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Mandatory Overtime as an Essential Job Functions Under the Americans with Disabilities Act

Published in the October, 2019 issue of the PELRAS newsletter

Published on: Thu 24th Oct, 2019 By: Robert Vernon

The Eighth Circuit recently upheld the principle that mandatory overtime could be recognized as an essential job function, meaning that a disabled employee could not request to avoid working overtime as a reasonable accommodation under the Americans with Disabilities Act (the “ADA”).

In McNeil v. Union Pacific Railroad Co., the employee worked as a critical call dispatcher at Union Pacific’s 24-hour dispatch call center, where her job included responding to calls related to incidents on or near railroad property to help ensure employee and public safety. In order to guarantee that this position was consistently covered, Union Pacific had a written policy that dispatchers were not allowed to end their shift until they were relieved by the next shift’s dispatcher. Also, a dispatcher’s shift was color-coded to represent overtime expectations for the employee. Depending on which color shift the dispatcher was scheduled to work, the dispatcher may be expected to work up to four additional hours either before or after their scheduled shift if another employee failed to show up to work.

McNeil was off work on disability leave for several months. When she attempted to return to work, McNeil and her physician requested an accommodation under the ADA of working only morning shifts with no overtime. McNeil did not provide an end date for this accommodation, and did not provide any medical records indicating when this restriction would end. Union Pacific determined that it could not make an accommodation of not requiring McNeil to work overtime for an indefinite period of time, and could not identify a reasonable accommodation that would allow McNeil to safely return to work in her assigned position.

McNeil argued before the Court that working overtime was not an “essential function” of her job as a dispatcher, and because of this, Union Pacific should be forced to accommodate her no overtime request. The Court disagreed, recognizing that Union Pacific had established guidelines stating that overtime was “mandated” and had schedules including “multiple layers of redundancy to ensure staff availability for overtime work.” The court noted that if a dispatcher was unable to work overtime, then either other employees would have to work overtime more often, or the safety of Union Pacific’s operations would be impaired.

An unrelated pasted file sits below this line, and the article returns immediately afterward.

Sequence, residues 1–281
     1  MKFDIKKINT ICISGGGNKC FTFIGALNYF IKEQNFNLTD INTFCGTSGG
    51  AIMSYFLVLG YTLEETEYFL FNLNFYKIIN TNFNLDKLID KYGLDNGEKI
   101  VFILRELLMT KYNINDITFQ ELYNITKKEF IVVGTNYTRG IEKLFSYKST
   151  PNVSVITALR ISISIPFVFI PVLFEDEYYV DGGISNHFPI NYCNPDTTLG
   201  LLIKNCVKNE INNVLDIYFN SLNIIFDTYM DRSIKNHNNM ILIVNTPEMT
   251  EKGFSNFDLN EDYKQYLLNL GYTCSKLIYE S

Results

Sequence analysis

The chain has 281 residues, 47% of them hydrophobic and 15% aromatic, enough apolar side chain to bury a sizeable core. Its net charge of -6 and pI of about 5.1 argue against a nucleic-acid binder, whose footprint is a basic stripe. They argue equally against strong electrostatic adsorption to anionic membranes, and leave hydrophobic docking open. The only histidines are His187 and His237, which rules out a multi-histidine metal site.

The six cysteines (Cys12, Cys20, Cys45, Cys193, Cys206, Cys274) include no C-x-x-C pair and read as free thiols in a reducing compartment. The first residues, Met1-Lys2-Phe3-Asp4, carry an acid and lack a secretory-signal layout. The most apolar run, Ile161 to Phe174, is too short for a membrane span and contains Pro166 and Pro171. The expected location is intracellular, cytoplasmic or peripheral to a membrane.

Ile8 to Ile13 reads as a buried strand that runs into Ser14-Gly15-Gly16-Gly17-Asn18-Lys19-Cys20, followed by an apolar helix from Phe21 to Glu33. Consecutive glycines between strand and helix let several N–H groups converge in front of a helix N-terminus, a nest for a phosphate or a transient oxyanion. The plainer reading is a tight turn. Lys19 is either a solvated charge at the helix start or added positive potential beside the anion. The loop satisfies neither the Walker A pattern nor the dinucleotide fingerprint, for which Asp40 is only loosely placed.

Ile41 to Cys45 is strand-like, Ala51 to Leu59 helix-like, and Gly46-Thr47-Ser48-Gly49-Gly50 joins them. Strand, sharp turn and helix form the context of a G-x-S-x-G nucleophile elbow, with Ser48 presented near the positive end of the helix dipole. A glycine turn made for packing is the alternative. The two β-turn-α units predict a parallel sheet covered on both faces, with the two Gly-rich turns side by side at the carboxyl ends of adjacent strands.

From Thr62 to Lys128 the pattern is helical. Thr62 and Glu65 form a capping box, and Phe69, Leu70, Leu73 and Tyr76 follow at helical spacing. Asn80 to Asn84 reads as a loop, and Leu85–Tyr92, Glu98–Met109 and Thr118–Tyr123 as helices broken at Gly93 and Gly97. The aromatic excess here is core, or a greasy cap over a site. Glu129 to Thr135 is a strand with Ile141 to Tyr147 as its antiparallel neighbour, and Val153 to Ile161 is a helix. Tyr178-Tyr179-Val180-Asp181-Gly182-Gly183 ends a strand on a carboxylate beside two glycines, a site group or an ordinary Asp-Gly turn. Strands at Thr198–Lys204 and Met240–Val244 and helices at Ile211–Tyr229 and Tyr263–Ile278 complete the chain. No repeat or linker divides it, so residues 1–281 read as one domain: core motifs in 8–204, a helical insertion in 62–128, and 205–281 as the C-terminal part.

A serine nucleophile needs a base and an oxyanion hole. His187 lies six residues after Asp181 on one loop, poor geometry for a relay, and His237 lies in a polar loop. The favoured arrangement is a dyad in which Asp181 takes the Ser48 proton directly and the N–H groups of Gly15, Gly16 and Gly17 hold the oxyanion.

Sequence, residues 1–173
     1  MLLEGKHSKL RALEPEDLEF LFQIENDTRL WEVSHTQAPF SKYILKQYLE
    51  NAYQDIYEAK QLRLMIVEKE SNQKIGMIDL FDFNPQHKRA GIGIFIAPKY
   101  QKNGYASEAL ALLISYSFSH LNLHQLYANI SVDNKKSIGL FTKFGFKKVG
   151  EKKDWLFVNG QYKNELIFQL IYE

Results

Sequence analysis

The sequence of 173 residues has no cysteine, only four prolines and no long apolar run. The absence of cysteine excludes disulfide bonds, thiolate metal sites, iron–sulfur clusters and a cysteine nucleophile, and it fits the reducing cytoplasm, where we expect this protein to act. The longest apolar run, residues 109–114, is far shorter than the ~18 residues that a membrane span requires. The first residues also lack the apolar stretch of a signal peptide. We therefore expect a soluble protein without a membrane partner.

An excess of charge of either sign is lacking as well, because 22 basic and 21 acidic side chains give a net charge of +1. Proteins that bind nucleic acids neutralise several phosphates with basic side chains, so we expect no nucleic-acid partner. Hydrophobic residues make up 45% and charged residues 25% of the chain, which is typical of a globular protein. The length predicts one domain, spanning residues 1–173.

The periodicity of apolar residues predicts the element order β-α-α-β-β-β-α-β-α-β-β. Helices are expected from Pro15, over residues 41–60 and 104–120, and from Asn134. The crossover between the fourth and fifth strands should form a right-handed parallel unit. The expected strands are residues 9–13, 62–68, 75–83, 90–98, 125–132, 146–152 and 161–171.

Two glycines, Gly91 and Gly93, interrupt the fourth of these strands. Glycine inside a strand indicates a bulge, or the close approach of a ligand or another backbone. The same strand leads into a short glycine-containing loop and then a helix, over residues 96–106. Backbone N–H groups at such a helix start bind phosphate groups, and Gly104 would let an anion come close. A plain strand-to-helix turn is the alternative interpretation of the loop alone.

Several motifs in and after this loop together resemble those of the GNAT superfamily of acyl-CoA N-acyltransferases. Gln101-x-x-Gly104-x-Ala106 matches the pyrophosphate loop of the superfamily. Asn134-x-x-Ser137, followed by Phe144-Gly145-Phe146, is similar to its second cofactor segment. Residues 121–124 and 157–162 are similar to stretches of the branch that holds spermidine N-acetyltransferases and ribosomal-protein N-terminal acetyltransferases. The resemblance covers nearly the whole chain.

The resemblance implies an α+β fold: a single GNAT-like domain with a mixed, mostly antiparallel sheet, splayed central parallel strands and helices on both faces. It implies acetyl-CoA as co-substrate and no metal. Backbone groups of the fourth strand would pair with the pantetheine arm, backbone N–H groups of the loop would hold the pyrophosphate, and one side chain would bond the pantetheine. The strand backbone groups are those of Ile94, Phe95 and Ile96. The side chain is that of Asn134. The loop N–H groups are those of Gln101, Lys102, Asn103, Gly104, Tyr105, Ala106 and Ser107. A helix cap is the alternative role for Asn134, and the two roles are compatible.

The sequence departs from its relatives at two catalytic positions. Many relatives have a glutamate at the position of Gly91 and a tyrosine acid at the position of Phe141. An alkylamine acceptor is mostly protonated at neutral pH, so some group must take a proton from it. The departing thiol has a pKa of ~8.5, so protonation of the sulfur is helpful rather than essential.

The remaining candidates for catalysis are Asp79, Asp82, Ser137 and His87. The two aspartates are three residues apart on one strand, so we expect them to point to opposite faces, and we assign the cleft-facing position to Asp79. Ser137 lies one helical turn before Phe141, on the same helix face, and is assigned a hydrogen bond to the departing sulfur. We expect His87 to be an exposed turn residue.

The Court further rejected McNeil’s argument that Union Pacific’s willingness to accommodate a “no overtime” schedule for a temporary, two month, period demonstrated that overtime was not an essential function. The Court recognized that a temporary reprieve from overtime was a limited burden on the Company, different from a permanent or indefinite accommodation. Union Pacific’s willingness to accept a temporary restriction on overtime did not mean they had to bear the different and greater burden of a permanent accommodation.

The Eighth Circuit’s ruling is part of trend in federal courts to recognize that under the ADA, overtime can be considered to be an essential function of a job. See also, Gavurnik v. Home Properties, 712 Fed. Appx. 170 (3d Cir. 2017) (and cases cited therein). The Court recognized several relevant factors to consider whether overtime was essential to a particular job, including: (1) written job descriptions prepared before advertising and interviewing applicants for the job, (2) the frequency and amount of time spent on the job when overtime was required, and (3) the consequences of not requiring the employee to work overtime.

Employers must keep in mind, however, that an employee with a “serious health condition” who is eligible for intermittent leave under the Family and Medical Leave Act (“FMLA”), may use leave to be excused from mandatory overtime if the leave is consistent with his/her certified serious health condition. See 29 CFR § 825.205(c). Employers with questions regarding mandatory overtime and medical excuses, including leave under the FMLA, should consult with legal counsel, and should also ensure that mandatory overtime is clearly spelled out in the “essential functions” section of the applicable job description.